Treating kids with traumatic brain injuries
ST. LOUIS, M.O. (WABC) -- It's the number one cause of death and disability inchildren, killing more kids than cancer or any other disease. Every year, 475,000 children under age 14 suffer traumatic brain injuries. Now, new discoveries are giving kids a better shot at survival.
A horrific car accident changed Joe Detwiler's life in an instant, the impact caused severe brain injury.
"He just looked so still and unresponsive. You want to just hug him and tell him you love him," Mike Detwiler, Joe's Dad said.
The teen spent two months in a medically induced coma and two more in the hospital relearning everything.
"That's actually brain injury, the tissue looks dark because it's damaged," Jose A. Pineda, MD, MScan, an assistant Professor at Washington University School of Medicine, explained.
Doctor Jose Pineda hopes to help kids like Joe, survive traumatic brain injuries and improve their recovery. He's pioneering research in kids, looking at trauma to the mitochondria. The power plant that energizes cells in the brain.
"We confirmed what we had suspected and that is that, indeed the mitochondria of children with brain injuries is failing, and it's been failing for many many weeks," Dr. Pineda said.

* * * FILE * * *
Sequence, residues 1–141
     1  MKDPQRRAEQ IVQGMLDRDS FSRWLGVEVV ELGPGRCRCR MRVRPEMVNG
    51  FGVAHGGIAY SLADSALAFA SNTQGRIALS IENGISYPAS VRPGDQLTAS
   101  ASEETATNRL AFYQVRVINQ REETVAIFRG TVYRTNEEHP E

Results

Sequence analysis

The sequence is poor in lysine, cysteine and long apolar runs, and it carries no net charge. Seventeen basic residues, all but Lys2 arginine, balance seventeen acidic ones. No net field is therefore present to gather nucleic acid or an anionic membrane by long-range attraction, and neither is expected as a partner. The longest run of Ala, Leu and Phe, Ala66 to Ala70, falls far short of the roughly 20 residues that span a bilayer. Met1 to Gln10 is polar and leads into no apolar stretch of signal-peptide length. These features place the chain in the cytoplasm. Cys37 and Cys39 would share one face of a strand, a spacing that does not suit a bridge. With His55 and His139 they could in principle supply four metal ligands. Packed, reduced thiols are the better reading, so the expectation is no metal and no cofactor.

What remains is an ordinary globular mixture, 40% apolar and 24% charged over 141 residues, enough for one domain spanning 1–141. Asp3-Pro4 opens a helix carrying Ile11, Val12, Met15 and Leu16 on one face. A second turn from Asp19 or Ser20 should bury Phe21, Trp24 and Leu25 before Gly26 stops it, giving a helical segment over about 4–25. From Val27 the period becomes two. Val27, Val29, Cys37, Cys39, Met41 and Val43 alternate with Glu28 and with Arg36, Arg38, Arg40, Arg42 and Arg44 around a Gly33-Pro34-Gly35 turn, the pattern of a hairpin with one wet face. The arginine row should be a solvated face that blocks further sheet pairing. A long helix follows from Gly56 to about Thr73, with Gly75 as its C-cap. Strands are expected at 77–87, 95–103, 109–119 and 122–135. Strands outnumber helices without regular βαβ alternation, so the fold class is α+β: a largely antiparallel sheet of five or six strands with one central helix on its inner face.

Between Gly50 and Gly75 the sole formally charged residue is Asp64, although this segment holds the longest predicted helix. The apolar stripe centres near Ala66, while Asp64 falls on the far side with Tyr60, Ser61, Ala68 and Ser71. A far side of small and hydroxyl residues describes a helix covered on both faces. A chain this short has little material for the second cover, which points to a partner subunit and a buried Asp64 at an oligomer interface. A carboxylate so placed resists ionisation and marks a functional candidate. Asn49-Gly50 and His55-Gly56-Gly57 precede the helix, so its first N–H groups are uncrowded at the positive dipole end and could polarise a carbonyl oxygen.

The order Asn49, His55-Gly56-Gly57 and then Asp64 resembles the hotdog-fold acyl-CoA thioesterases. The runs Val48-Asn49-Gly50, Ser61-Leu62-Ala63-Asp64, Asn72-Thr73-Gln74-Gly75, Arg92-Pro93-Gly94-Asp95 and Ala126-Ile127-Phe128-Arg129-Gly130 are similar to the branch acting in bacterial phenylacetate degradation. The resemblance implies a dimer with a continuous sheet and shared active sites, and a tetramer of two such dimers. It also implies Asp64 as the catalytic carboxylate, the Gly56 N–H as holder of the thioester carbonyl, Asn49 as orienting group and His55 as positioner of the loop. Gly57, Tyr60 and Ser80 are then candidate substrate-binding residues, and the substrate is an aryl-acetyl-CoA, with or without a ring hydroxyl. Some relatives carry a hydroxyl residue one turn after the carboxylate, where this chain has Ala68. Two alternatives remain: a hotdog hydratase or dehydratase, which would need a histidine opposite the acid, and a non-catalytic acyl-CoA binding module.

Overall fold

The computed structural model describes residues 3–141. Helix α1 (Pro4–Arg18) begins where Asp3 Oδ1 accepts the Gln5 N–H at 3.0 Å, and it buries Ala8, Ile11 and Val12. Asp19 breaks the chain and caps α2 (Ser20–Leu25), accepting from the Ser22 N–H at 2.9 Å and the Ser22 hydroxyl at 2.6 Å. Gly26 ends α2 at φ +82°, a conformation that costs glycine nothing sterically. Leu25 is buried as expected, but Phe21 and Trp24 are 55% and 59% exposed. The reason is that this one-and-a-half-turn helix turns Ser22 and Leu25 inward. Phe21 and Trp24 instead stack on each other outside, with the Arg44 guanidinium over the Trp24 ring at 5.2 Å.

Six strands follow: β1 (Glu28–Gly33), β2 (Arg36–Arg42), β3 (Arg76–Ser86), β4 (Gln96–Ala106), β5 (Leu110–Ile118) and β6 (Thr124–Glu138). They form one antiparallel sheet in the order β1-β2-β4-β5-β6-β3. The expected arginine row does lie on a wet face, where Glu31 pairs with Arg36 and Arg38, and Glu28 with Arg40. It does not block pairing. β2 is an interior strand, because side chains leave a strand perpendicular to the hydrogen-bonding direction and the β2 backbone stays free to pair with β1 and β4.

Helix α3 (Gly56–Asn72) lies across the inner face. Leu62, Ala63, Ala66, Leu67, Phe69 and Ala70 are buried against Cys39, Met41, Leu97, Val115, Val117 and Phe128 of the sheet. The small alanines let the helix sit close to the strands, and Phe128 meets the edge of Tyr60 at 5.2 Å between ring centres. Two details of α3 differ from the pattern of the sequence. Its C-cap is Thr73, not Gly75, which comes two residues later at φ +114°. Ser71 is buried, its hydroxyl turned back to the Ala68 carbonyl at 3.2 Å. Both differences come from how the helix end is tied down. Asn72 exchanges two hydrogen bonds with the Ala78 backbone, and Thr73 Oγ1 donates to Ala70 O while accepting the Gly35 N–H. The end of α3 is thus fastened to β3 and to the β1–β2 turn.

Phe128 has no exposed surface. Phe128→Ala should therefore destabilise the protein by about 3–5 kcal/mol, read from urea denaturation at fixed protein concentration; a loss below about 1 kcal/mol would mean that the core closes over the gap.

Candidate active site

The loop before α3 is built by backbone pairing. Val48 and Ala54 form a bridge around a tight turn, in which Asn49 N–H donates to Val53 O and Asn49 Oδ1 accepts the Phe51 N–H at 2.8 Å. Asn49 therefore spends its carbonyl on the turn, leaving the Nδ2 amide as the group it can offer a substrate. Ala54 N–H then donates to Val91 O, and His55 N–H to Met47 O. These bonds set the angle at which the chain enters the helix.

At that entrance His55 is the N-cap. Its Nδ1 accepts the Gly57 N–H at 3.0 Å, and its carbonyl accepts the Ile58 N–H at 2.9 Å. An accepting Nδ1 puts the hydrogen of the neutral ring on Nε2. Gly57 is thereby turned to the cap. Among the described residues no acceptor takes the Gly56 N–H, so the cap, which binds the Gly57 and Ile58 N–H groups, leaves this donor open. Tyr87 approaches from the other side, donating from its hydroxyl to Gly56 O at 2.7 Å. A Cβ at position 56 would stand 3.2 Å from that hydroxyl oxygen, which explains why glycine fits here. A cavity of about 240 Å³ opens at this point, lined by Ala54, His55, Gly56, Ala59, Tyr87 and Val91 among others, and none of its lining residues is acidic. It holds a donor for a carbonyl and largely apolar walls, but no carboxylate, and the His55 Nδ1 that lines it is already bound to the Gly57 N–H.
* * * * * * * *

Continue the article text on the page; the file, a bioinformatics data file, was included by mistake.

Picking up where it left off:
Now, they're exploring a way to stimulate the mitochondria in kids with TBI.
"We would administer a medication that will travel to the brain to the injured brain, go directly to the mitochondria and help it heal," Dr. Pineda said.
Clinical trials are going on right now to test that kind of medication in adults. The doctor tells us they're promising. In an unrelated study a similar therapeutic approach in adults with TBI improved function at 30 days after the injury and reduced mortality by more than 60%.
As for Joe, he's made an amazing recovery and believes his doctors made all the difference.
"I can't even put into words how thankful I am," Joe Detwiler said.
Since his accident, Joe has graduated high school and is getting ready to further his education. Meanwhile, several drugs are being developed by researchers around the world to stimulate the mitochondria in TBI patients.
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